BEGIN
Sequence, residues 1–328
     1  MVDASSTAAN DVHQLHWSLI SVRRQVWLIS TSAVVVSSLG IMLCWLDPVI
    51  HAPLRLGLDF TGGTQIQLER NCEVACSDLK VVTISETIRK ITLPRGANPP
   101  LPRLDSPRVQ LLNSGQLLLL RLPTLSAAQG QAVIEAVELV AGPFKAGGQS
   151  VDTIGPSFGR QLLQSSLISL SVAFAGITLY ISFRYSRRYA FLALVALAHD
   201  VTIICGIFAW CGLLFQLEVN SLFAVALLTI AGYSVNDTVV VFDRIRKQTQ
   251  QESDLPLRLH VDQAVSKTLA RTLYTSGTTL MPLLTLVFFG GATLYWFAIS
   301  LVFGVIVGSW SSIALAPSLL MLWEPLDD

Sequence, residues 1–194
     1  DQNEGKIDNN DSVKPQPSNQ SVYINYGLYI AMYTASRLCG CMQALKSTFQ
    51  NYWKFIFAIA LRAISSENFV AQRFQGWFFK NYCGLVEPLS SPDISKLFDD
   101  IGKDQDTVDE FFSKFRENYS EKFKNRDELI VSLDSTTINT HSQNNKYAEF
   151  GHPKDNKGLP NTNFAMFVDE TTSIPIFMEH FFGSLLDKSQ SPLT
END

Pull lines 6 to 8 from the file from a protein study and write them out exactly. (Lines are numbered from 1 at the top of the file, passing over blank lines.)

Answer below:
   201  VTIICGIFAW CGLLFQLEVN SLFAVALLTI AGYSVNDTVV VFDRIRKQTQ
   251  QESDLPLRLH VDQAVSKTLA RTLYTSGTTL MPLLTLVFFG GATLYWFAIS
   301  LVFGVIVGSW SSIALAPSLL MLWEPLDD